Anonymous said...

New Year's Resolution: Watch and think about "Sweet Misery." This was shown recently on the Documentary Channel. It is so perverse, and because aspartame is such a godsend for diabetics longing for a 'taste of sweet' without the penalties, it seems they are doubly victimized.

The 'market' may take care of false advertising and pseudo-science . . . but how many are harmed in the meantime.

--Melody

Anonymous said...

Jenny, I can't help but notice that you are not a fan of TZD's at all. I agree that Avandia should have been taken off the market in 1999. However, Actos, I believe is a far far superior drug. You said,"When they die unnecessarily taking a drug that makes only a tiny difference in their blood sugars as is the case with TZDs," What drug has a better A1C drop then Actos, and for as long? You wrote quite a bit bashing both Actos and Avandia, citing a ton of studies, but I couldn't help but notice you didn't mention the ProActive study. It showed huge reductions in heart attack, stroke and all cause mortality, and it consisted of over 5200 patients who already had a macrovascular event. There is no other drug with even close to similar data. Or the Periscope Study, which showed a possible reversal of coronary atherosclerosis. And Actos is the only oral anti-diabetic drug with FDA approved safety data included in the PI. The only one. So when you say that their are safer drugs, which ones exactly are you referring too? So, with all this data, how do you lump it together with Avandia and say that it's just as dangerous, when clearly it is not. And it is all too painfully obvious that the other drugs available are not able to deal effectively with such a progressive disease. I'm not saying Actos is perfect, or for everyone, but I believe it is definitely one of the best choices available.

Jenny said...

Counteracting the studies you cite (which I have not been able to read in full text to see exactly how they were conducted and to what extent they were controlled by Takeda) are those that show that Actos CAUSES heart failure in younger people who were fine before they started it, that it increases the likelihood of retinal edema (which leads to blindness) and that it causes bone bone fractures over time, which in older women is a major cause of death.

There are several other drugs that lower A1c to the same extent, including metformin, byetta in those who response to it, prandin, and sulfonylureas.

A low carb diet will reduce A1c by two or three times as much without the threat of damaging organs permanently

Anonymous said...

Actos can lower A1C up to 2.6% points. With Metformin, and Byetta your looking around 1.5%. Sulfonylureas can get you close to a 2% drop, but then you have to deal with bouts of hypoglycemia which can be very dangerous, and sulfs also contribute to an accelerated drop in beta cell function. Byetta increases your risk of pancreatitis, and the last few instances of pancreatitis have been fatal because they were cases of necrotizing and hemorrhagic pancreatitis. Not to mention that byetta jsut hit the market and haven't even completed a macrovascular outcomes trial. So, honestly how can anyone say they are safe?
The trial I was referring to earlier called the ProActive trial was completed in Europe. I'm sure it was funded by Takeda, but nowadays doctors aren't going to do research out of the kindness of their hearts and then hope that the pharm co pays them later for tehir troubles. You should take a look at it. The results are pretty amazing. As far as CHF, many drugs contribute towards CHF in all age groups (insulin and sulf's for instance can also lead to peripheral edema which can cause or exacerbate CHF.) In the ProActive trail there was a greater occurence of hospitalization due to Serious heart failure in the Actos arm, but the instances of death from that heart failure was 1.6% in the Actos group and 1.5% in the placebo group.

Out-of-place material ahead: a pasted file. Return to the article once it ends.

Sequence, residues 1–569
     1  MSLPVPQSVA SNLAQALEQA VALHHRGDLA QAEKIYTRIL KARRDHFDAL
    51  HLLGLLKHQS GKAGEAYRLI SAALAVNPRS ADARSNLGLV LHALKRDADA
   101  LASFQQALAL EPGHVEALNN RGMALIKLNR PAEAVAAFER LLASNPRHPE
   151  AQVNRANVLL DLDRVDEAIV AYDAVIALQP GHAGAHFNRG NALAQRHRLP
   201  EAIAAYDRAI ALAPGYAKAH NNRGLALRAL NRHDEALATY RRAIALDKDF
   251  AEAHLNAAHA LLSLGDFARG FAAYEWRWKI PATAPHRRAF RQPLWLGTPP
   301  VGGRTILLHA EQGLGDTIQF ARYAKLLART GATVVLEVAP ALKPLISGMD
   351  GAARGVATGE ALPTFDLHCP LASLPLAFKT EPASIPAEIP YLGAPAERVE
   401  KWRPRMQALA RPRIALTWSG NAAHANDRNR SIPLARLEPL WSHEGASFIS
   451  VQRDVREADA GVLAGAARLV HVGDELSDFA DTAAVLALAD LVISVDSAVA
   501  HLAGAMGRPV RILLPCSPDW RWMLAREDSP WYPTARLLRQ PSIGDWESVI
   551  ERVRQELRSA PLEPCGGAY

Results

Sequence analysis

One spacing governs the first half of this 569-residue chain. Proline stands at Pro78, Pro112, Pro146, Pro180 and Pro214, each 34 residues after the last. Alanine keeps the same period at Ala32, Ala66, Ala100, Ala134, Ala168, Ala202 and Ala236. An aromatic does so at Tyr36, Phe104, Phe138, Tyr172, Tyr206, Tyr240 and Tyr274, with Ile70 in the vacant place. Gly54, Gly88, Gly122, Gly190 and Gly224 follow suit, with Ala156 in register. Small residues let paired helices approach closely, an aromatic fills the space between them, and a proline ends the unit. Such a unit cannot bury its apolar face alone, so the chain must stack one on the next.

Jenny said...

Anonymous,

The lowering of A1c after 26 weeks reported in the official Actos prescribing information is .3 to .8% in a population whose average A1c was 10%.

The very small number of deaths from pancreatitis found with Byetta--6, and it is not clear if there is causation, palls next to the deaths from unnecessary heart failure from Actos.

There is no such thing as "mild" heart failure. It is fatal within a period of time longer than the study you cite.

You really need to tell your bosses at the lobbying firm promoting Actos to give you better data. And please post any further rebuttals from a non-anonymous ID so we can see who you really are.

Anonymous said...

First, in the study you are referring to it was actually .9%.

Second, what makes you think Byetta is so safe? They haven't completed a macrovascular outcomes trial, and they have no fda approved safety data in their PI. Is it really a good idea to take a drug just because nothing has been reported yet? Ignorance is not always bliss.

Thirdly, there is such a thing as mild heart failure. It's simply a matter of ejection fraction.

Lastly, I don't work for a lobby firm and no one "gives" me any data. I look it up freely on the internet because I choose to. The really sad thing that I can't figure out is why do you only choose to post the negative things about drugs you dislike and positive things about drugs that you obviously favor? If you think about it. There are a lot of desperate type 2 diabetics out there who are fairly naive and haven't really educated themselves about their disease. And by reporting only the things you choose to report, you are manipulating them in roughly the same manner that the big pharma companies manipulate them. Don't you think it would be better to lay everything on the table, both good and bad, and let people decide for themselves?

I prefer to remain anonymous. I would comply (although, not understand) if you would like me to refrain from commenting because of this.

Believe it or not, I have enjoyed our dialogue. I think a lot can be learned from a open minded debate.